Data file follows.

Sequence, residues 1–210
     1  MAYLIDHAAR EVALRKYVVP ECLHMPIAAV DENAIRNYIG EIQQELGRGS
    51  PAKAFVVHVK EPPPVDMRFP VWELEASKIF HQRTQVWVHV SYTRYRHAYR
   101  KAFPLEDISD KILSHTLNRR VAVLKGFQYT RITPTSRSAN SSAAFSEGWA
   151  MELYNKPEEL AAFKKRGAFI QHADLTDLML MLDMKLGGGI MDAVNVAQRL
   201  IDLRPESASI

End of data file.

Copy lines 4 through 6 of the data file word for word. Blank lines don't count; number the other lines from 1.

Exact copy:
   101  KAFPLEDISD KILSHTLNRR VAVLKGFQYT RITPTSRSAN SSAAFSEGWA
   151  MELYNKPEEL AAFKKRGAFI QHADLTDLML MLDMKLGGGI MDAVNVAQRL
   201  IDLRPESASI